We moved down the Champs Élysées, one of the most recognizable boulevards in the world, to the Arc d’Triomphe and the Eiffel Tower for breathtaking views of the city.

Flavors of France was a part of the tour that brought us into the world of French gastronomy in the neighborhood next to the Champs-de- Mars, a park that stretches from the foot of the Eiffel Tower. It was only fitting that this food journey took place in the area that was Paris’ 16th-century market garden. With an expert leading the way, we discovered several of the city’s best artisan-made foods. From cheese to charcuterie, we tasted a path through France’s culinary heritage.

Some travelers opted for an excursion to Versailles, France’s grandest palace, a baroque chateau that was once the kingdom’s political capital and the seat of the royal court, delighting visitors with its ornately painted ceilings, rich tapestries, and lavish galleries. It was a step back in time walking in the footsteps of kings, queens, and courtiers, a palace of manicured, ornamental gardens, the Grand Trianon and Marie-Antoinette’s Estate, a Hall of Mirrors, and the lavishly decorated room where the Treaty of Versailles was signed.

Award-winning writer Jake Lamar, a Bronx transplant in Paris, hosted a private presentation to the IU Alumni Association group, sharing his experiences in Paris where he has lived for several years. A Harvard University graduate and former writer for Time magazine, Lamar has written six novels, a play, a memoir, and many short stories, essays and articles.

The group visited the Left Bank in Paris where the Revue du Monde Noir, “Review of the Black World,” a groundbreaking magazine that grew from a salon hosted by two sisters from Martinique was published. We learned about intellectuals such as Anna Cooper and Carter G. Woodson. Born into slavery in 1858, Cooper earned a doctorate from the Sorbonne in 1924. Woodson, who studied at the Sorbonne in the early 1900s, was a pioneer in the field of Black Studies. In the 1940s many African American veterans, using benefits from the GI Bill also enrolled at the Sorbonne.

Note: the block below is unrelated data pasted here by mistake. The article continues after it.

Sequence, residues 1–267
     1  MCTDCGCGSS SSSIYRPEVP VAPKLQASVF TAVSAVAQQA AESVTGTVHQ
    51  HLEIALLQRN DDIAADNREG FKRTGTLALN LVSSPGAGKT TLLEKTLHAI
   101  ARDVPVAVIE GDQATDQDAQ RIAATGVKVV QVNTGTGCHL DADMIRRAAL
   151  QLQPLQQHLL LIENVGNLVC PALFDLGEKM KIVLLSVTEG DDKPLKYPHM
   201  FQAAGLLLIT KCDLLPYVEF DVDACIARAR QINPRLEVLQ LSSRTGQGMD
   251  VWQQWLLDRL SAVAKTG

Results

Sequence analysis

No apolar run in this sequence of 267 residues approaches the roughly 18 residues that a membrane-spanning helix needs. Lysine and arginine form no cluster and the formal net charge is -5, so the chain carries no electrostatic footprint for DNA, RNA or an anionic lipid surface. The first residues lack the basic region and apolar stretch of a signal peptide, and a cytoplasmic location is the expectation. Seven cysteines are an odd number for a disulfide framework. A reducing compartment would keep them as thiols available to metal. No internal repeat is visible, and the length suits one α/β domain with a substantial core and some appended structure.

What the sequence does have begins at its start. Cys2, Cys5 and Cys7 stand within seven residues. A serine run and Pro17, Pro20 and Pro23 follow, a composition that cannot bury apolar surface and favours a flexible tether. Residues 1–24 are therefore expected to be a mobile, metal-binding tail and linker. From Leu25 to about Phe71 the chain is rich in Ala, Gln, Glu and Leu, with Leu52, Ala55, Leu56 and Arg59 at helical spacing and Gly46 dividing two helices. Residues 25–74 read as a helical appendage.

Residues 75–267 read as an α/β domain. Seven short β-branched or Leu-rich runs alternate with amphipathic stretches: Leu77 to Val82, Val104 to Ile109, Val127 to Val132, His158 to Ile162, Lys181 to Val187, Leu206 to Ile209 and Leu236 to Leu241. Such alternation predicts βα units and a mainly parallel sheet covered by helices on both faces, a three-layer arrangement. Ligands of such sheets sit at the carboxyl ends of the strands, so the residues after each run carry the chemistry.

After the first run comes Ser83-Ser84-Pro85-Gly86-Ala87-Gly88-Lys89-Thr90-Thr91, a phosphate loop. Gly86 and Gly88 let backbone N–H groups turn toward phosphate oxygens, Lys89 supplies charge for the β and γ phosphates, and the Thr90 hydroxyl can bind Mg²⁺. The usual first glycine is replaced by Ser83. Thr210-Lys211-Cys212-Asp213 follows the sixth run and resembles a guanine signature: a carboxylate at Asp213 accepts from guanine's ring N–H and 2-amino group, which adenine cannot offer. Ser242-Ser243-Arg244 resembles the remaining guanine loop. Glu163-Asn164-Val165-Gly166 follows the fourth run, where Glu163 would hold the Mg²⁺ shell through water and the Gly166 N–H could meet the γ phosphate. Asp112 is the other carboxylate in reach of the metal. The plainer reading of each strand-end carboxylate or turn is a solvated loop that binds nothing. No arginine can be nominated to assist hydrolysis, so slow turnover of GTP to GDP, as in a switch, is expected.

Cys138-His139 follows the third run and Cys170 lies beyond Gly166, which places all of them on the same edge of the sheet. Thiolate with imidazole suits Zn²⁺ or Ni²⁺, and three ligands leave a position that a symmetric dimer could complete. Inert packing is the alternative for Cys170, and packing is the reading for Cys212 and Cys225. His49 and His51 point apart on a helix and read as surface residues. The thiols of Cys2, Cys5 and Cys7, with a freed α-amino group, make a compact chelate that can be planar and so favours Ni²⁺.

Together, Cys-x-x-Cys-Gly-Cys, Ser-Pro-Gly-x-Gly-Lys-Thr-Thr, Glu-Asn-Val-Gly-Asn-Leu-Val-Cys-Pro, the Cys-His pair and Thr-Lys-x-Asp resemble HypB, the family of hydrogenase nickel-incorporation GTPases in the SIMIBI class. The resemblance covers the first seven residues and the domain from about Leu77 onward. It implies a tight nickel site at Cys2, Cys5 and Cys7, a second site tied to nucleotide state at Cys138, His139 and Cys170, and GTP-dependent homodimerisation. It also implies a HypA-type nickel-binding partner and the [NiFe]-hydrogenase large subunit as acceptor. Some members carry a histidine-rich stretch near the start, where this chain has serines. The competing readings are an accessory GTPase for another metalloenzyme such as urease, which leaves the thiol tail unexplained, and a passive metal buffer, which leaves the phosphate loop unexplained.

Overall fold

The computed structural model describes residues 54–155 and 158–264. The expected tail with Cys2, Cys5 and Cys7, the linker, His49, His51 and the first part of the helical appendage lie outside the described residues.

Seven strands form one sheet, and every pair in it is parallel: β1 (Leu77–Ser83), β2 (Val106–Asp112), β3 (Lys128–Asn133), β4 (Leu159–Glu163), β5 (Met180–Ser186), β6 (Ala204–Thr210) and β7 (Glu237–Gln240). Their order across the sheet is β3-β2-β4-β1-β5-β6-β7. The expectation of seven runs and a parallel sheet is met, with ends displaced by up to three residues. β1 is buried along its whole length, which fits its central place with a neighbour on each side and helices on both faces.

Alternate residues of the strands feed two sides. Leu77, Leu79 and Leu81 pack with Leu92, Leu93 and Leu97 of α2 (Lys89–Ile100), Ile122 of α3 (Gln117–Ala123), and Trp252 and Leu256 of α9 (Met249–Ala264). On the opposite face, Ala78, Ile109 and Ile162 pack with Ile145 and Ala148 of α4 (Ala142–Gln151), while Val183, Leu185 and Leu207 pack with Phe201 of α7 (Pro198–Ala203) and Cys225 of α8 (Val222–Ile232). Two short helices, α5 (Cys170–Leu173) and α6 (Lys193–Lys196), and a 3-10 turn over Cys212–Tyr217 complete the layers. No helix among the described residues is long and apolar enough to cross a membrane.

We visited the jazz district, learning about the bebop style of jazz and the musicians who flocked to Paris to play their music – where musicians such as Miles Davis and Bud Powell lived and played their music. We dined on French cuisine and enjoyed live entertainment!

In a week replete with Parisian culture and historical enlightenment, we enjoyed a leisurely sun-bathed cruise down the Seine River for a different perspective of the magnificent city. While gliding along this storied waterway, we saw Notre-Dame Cathedral, the Louvre Museum, Île St. Louis, and other renowned sights, and passed beneath Pont Neuf, Paris’ most famous bridge.

It is impossible to see the whole of Paris, France in a week. But organizers of the Indiana University Alumni Association trip “Paris: The African American Experience,” did a masterful job of putting together a. broad representation of this intriguing, one-of-a-kind international metropolis.

Participants felt fulfilled and at the same time thirsty for more, as they departed Paris’ Charles de Gaulle Airport for return flights home.